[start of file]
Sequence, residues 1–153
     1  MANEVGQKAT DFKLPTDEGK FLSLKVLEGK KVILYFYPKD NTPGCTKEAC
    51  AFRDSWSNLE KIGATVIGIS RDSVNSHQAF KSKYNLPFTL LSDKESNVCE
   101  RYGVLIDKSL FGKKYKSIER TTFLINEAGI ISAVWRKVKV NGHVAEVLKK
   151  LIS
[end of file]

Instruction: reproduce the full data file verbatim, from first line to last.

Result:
Sequence, residues 1–153
     1  MANEVGQKAT DFKLPTDEGK FLSLKVLEGK KVILYFYPKD NTPGCTKEAC
    51  AFRDSWSNLE KIGATVIGIS RDSVNSHQAF KSKYNLPFTL LSDKESNVCE
   101  RYGVLIDKSL FGKKYKSIER TTFLINEAGI ISAVWRKVKV NGHVAEVLKK
   151  LIS